Truckers and other drivers traveling around Atlanta could
soon be subject to added fees.
Legislators in Cobb and Cherokee counties have expressed
support for a private consortium’s proposal to build express toll lanes along
Interstates 75 and 575 years before a similar state plan would do it.
The group of private contractors, dubbed Georgia
Transportation Partners, wants to construct 26 miles of barrier-separated toll
lanes that would accommodate cars and a new bus rapid transit system of
train-like express buses.
The state Transportation Department also plans to build
high-occupancy vehicle lanes, or HOV lanes, and launch bus rapid transit along
the same corridor, running along I-75 from I-285 in Atlanta north to Hickory
Grove Road, and up I-575 to Sixes Road in Cherokee County. But that project is
not scheduled to begin until 2009. The consortium believes they could finish it
by 2011, shaving seven years off the completion time.
The group’s proposal includes an option to add a separate
set of mandatory toll lanes for large trucks, The Associated Press reported.
Under a 2-year-old law, companies can propose building roads
outside the traditional low-bid regulations for certain badly needed projects.
The same law is being used in a proposal to convert 39 miles of Georgia 316 to
a tollway from Lawrenceville to Athens.
The contractors propose using state and federal money. But
the bulk of funds would come from revenue bonds that would be repaid by the
For commuters who opt to use the limited-access lanes, tolls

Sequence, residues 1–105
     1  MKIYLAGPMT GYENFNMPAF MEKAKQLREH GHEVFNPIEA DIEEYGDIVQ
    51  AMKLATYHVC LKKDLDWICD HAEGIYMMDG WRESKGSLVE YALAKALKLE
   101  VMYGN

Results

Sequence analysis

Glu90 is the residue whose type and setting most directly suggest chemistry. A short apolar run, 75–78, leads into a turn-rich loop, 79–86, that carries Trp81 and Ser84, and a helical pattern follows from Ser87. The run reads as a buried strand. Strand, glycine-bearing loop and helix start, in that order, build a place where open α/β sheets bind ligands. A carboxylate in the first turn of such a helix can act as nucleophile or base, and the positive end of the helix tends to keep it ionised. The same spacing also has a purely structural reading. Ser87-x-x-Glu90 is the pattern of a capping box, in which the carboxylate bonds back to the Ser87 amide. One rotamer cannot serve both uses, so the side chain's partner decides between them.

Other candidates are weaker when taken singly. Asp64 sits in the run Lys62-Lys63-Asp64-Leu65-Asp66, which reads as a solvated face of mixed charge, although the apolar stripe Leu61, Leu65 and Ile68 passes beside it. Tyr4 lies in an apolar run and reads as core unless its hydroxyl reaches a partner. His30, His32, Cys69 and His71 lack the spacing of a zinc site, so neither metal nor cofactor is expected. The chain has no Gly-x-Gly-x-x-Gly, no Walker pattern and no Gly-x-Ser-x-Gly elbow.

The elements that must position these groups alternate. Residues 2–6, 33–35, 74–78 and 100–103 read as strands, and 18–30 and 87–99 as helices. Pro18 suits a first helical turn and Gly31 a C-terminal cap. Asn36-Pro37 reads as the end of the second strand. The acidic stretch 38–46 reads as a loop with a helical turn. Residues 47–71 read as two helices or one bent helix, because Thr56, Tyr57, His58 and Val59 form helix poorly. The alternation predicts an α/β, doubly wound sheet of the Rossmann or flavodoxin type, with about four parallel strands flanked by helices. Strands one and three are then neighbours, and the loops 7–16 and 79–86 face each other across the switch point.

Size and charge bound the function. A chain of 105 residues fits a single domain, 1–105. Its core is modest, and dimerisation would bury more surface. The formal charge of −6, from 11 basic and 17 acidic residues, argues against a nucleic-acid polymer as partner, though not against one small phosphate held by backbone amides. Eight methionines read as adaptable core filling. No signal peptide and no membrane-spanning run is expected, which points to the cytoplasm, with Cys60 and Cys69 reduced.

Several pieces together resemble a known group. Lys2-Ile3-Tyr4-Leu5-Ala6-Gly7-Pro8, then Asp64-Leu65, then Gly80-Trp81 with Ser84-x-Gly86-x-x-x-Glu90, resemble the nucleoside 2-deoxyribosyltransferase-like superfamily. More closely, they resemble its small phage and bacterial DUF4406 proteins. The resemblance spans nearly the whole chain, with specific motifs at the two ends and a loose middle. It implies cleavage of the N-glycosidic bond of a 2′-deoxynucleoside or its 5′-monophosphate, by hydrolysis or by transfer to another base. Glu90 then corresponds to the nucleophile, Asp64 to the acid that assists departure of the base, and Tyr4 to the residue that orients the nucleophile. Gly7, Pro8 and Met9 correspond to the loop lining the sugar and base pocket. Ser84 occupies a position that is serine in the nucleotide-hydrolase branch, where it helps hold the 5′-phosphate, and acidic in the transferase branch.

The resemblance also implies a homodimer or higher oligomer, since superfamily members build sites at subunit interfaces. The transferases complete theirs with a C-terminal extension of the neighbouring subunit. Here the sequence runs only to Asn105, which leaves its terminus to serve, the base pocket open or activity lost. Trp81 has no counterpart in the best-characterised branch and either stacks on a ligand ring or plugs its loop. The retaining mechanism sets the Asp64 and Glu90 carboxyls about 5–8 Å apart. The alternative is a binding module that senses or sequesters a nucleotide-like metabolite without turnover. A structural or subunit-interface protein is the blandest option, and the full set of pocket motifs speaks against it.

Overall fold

could range from 10 cents per mile off-peak to 40 cents per mile during peak
travel periods. A truck toll amount was not disclosed.
“I want traffic solutions and if private industry can do it
faster, we ought to consider it,” said state Senator-elect John Wiles,
Cutting yeas off the project could be worth the projected
tolls costs, said state Rep. Calvin Hill, R-Canton.
“I know only what I’ve seen in the newspaper, but being able
to get it years in advance makes a huge difference,” Hill said.
According to The AP, the for-profit consortium,
including Bechtel Infrastructure and Georgia-based contractors Gilbert Southern
and C.W. Matthews Contracting, declined to say how many express toll lanes they
intend to build, citing competitive concerns. Toll traffic from I-75 would
merge back into regular traffic lanes or HOV lanes on I-75 south of I-285, and
Georgia law allows the plan to remain secret until the state
Transportation Board and House and Senate Transportation committees agree to a
deal, which could take months.